Teaching Physical Education in Urban Schools

Article excerpt

What Was the Question?

McCaughtry, Barnard, Martin, Shen, and Kulinna (2006) analyzed how the environment of urban schools influences the emotional understanding and rapport that physical education teachers have with their students and how it affects their teaching.

What Was Done?

Over a period of three years, the researchers conducted multiple interviews with 61 elementary physical educators from an urban school district with about 162,000 students (88% African American, 7% Caucasian, and the remainder mostly Hispanic) in the midwestern United States. The subjects were interviewed from one to five times (N=136) using interpretive methodology.

What Was Found?

The teachers reported five unique challenges endemic to their urban schools that significantly shaped their thinking about students and their careers. Some also shared the strategies they employed to meet those challenges.

First, these urban teachers expressed frustration and anger about their lack of instructional resources (equipment, time, and facilities) and often felt guilt and regret due to the "second-rate" instruction they were forced to provide to the neediest of students. Some teachers quit, others learned to live with their emotions, while others attempted to move beyond their constraints by writing grants, soliciting donations, or purchasing supplemental equipment with their salaries.

Second, the teachers struggled to provide culturally relevant pedagogy by offering a meaningful curriculum that connected with urban, minority youths, while also exposing them to curriculum beyond their geographical and cultural borders. They also struggled to provide coherent instruction to the growing number of immigrant, ESL (English as a Second Language) students. To face these challenges, teachers modified pre-scripted lessons to reflect students' language and culture, thought deeply about the activities they taught, displayed images of diverse activities and athletes in their gymnasia, translated important curriculum documents, formed culturally diverse "buddy-teams," and learned key phrases in other languages for the benefit of the ESL students.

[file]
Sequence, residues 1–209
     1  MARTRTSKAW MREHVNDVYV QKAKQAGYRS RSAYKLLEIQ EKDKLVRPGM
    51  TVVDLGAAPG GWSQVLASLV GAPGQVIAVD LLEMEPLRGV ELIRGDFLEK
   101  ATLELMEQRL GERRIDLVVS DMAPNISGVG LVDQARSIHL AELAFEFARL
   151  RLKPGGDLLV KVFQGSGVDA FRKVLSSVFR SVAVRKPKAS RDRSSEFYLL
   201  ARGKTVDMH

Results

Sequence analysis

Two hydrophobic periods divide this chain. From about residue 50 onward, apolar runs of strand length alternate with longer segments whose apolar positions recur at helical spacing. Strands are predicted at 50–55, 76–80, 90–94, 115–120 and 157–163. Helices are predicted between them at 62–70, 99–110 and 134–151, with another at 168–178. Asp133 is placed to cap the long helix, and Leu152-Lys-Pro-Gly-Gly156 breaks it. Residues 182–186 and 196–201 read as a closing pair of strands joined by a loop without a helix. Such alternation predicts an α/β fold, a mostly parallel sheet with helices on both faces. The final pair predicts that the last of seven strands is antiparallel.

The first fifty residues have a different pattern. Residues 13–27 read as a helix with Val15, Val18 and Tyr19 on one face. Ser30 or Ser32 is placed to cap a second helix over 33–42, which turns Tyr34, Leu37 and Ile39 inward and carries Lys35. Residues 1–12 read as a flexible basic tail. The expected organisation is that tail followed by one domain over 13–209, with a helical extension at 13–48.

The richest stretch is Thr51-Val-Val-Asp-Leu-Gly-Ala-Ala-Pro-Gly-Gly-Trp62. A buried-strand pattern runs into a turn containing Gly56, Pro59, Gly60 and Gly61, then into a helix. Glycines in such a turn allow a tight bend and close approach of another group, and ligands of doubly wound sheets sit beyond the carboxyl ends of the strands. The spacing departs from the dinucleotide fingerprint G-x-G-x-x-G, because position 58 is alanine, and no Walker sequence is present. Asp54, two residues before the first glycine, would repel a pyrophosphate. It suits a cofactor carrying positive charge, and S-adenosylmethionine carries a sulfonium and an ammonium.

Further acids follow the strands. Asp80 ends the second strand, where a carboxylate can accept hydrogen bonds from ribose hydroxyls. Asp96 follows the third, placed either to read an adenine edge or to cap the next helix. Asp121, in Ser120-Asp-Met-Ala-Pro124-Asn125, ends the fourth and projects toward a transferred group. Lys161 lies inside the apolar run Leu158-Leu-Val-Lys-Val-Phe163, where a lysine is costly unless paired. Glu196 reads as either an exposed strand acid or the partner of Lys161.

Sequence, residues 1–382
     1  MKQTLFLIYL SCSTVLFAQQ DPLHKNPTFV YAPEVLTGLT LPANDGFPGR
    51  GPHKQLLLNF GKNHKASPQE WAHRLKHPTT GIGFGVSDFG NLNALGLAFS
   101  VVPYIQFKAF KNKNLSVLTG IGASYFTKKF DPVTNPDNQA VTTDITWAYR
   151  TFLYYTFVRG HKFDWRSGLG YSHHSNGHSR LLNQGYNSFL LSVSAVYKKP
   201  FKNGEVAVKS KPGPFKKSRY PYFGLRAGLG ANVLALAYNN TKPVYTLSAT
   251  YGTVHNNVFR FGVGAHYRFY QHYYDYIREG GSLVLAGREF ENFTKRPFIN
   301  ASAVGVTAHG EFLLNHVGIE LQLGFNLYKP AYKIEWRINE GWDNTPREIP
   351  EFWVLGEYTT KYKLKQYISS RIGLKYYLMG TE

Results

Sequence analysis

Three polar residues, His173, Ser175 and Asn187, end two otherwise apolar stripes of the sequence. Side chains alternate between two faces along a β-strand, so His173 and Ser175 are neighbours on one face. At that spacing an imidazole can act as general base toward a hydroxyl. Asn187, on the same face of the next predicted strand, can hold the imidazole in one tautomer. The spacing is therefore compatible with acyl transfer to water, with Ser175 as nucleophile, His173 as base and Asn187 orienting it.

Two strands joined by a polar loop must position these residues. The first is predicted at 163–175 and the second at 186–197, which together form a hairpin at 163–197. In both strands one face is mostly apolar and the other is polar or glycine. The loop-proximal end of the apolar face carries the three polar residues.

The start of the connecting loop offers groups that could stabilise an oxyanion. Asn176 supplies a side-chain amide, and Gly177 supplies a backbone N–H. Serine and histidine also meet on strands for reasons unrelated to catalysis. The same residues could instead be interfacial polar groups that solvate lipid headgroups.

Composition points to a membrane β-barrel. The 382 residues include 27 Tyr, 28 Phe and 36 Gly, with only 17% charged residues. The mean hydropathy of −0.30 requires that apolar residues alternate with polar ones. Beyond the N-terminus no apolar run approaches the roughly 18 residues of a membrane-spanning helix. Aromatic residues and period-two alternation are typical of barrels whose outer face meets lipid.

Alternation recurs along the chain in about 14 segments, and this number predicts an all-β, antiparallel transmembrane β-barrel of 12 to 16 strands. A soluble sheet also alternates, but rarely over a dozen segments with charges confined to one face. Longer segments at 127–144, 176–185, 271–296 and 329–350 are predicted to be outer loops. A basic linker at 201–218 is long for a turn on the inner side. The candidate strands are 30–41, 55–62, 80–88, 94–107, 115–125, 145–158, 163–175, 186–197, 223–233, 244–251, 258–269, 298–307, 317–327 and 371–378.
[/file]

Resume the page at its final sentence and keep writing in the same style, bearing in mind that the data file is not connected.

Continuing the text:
Third, these teachers dealt with community violence as it filtered into physical education classes. Concern, sorrow, and frustration were the most commonly reported emotions when discussing violence, as it had become students' predominant means to resolve conflicts, to relate to one another, and to interact with teachers. This was cited as the number one reason for teacher attrition by those who stayed focused on social development and a conflict-resolution curriculum. …